Professor Brook K. Baker, Health Global Access Project, Northeastern University School of Law, Boston, MA, USA

"[The Value of Life] is an outstanding and valuable educational resource for use both in and outside the classroom."
Calvin O. Masilela, Ph.D., Dept. of Geography and Regional Planning, Indiana University of Pennsylvania

"An important addition to any course dealing with global health and development issues. I would definitely use it regularly for my Geography of Africa course, as well as almost any Environmental Studies course."
Peter Walker, Associate Professor, Dept. of Geography, University of Oregon

"*** The Value of Life benefits from Lewis' personal perspective, and serves as another wakeup call to this global catastrophe. Recommended."
Video Librarian

"Particularly noteworthy are the statistics provided for each country visited... The footage captures the stark reality of the pandemic yet manages to portray the spirit of the African people as well. This quality production is recommended for public and academic libraries."
Library Journal

"[The Value of Life] would be a good addition to any collection that deals with the AIDS crisis in Africa. Recommended."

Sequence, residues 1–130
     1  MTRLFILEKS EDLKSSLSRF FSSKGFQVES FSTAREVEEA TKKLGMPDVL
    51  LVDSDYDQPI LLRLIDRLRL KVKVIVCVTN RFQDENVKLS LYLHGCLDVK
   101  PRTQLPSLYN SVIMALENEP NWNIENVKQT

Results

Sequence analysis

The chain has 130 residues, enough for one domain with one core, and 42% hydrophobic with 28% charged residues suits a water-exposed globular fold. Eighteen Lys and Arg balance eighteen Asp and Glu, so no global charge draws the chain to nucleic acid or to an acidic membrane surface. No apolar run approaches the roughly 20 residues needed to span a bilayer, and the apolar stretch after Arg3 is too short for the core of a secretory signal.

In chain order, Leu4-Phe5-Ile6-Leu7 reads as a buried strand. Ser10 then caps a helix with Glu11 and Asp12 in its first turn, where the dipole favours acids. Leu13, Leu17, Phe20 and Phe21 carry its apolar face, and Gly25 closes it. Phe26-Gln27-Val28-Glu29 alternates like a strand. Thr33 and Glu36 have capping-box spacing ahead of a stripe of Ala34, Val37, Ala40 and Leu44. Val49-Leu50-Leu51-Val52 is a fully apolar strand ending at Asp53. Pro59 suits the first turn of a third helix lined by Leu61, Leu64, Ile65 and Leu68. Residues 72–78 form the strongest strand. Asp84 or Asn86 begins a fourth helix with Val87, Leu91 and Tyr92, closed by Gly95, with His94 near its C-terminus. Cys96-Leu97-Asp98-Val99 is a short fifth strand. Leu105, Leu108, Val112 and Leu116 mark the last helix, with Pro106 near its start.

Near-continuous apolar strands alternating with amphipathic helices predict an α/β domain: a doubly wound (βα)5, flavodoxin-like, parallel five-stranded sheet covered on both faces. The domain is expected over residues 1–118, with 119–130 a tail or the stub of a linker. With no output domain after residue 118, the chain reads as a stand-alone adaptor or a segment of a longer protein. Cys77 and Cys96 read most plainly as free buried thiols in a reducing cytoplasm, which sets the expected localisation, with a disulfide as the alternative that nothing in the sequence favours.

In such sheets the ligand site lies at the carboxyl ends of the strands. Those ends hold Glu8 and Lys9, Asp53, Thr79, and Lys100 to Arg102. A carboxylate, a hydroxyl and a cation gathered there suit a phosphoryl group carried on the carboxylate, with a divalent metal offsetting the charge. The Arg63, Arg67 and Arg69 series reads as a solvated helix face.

Janis Tyhurst, Reference Librarian, George Fox University, Educational Media Reviews Online

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Awards and Festivals
UN Department of Public Information Silver Award, The New York Festivals
The Chris Statuette, Columbus International Film & Video Festival
Freddie Award, International Health & Medical Media Awards
CBC Wilderness Award (Best CBC-Produced Documentary of the Year)
Best of Festival Award, Western Psychological Association Film Festival
Vermont International Film Festival
American Psychological Association Convention
World Community Film Festival
"Stories from the Field" United Nations Documentary Film Festival
American Public Health Association Film Festival

African Studies
Developing World
Global Issues
United Nations

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India battles HIV/AIDS using generic drugs.

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Brazil has developed generic antiretroviral drugs to care for those afflicted with HIV/AIDS.

Paying the Price
Pharmaceutical companies block generic drugs, threatening the lives of millions of Africans with AIDS.

Educating Lucia
The odds are against girls getting an education in Zimbabwe and throughout much of Africa.

The Cost of Living
AIDS drugs unaffordable in developing countries.

Sex and the Holy City
Investigates the impact on poor women and families of the late Pope John Paul's position on sex and reproductive health.

The Last Child
Tells the behind-the-scenes story of the global campaign to eradicate polio.